Refined oil is typically heated for extraction and then goes through a process called RBD (refining, bleaching and deodorizing). This process may disrupt the fatty acid balance. In the end, this oil is odorless and tasteless, so it will add NO coconut flavor to foods.

For the highest quality, stick with organic extra virgin or virgin. Organic refined is still a better choice than other oils like vegetable or canola. Refined oil is wonderful for cosmetic applications, however. In addition to all the health benefits, coconut oil is wonderful for skin and hair. It works well as a moisturizer and as hair conditioner. But, that's also a post for another day.

Organic extra-virgin coconut oil is not cheap. But since we eat significantly less fat overall than we used to, I've been able to make it stretch. My last order lasted about 5 months. So far, the best value for the highest quality product seems to be for a 2 pack of 54 ounce jars from Amazon. If you sign up for Subscribe and Save, it comes to about .37 per ounce (and you can cancel your subscription as soon as you get your shipment).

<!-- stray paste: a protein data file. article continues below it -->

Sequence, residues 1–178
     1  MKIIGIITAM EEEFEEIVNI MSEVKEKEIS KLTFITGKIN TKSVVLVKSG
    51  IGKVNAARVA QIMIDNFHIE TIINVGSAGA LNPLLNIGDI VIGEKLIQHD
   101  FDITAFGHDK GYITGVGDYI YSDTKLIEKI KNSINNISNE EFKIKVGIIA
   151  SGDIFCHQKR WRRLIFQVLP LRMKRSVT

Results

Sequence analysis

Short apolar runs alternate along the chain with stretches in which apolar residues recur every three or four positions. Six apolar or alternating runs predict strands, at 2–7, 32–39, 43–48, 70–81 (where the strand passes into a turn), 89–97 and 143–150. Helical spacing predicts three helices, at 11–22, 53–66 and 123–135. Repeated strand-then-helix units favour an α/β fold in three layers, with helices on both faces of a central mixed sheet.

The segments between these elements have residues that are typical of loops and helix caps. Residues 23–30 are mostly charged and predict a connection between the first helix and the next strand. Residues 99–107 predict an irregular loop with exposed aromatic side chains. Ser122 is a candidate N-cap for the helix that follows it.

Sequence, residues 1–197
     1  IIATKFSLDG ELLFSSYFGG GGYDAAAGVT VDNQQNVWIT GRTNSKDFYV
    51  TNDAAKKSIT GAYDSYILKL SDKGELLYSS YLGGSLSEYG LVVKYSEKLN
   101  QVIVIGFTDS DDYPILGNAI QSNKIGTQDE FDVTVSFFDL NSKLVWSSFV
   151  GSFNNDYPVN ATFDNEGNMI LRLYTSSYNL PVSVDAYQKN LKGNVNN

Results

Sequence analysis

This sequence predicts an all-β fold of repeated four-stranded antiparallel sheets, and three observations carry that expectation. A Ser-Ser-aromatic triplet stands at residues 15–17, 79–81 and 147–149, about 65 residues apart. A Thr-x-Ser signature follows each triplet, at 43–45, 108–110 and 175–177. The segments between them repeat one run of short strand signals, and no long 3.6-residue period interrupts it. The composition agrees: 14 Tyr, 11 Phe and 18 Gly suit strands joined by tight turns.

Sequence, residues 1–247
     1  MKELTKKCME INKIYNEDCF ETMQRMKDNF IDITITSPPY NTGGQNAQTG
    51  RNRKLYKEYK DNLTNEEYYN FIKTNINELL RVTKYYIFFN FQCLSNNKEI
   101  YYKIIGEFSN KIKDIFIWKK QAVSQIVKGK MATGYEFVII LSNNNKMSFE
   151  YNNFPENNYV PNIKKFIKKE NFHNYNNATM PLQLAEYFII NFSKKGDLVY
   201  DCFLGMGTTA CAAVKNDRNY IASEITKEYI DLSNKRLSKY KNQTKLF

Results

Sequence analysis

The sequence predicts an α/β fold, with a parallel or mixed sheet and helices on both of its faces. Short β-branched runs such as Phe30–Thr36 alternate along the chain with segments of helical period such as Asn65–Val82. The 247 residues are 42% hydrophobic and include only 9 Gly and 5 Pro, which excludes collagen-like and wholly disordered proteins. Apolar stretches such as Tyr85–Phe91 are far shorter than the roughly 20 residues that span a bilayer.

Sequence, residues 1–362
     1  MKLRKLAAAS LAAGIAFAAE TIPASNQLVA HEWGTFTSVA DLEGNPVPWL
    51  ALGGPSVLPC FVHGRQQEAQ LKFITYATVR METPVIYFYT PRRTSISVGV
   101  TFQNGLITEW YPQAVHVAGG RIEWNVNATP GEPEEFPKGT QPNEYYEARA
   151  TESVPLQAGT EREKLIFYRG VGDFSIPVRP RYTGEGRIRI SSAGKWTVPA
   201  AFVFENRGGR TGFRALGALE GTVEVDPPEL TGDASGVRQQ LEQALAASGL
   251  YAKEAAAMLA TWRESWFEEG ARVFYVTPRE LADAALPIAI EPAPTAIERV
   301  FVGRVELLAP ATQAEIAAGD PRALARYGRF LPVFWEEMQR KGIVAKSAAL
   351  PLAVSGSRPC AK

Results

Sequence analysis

If anyone decides to give it a shot, or if you already use it, I'd love to know what you think or what your favorite use is. I know I love it, and I'm not sure if those immune-boosting properties are true, but I do know that not one of us has been to the doctor since I started adding it into our diet. So for now, I think we'll stick with it!


  1. I love to saute zucchini in it with some salt. It also works as a diaper creme, due to its antibacterial, anti-fungal properties. Have you seen that HUGE bucket of it at the Hy-Vee natural foods section? It must be over a gallon!

  2. @SaraESmith Diaper cream would be a great application! I've never used it for that, but what a wonderful alternative to other chemical-filled creams!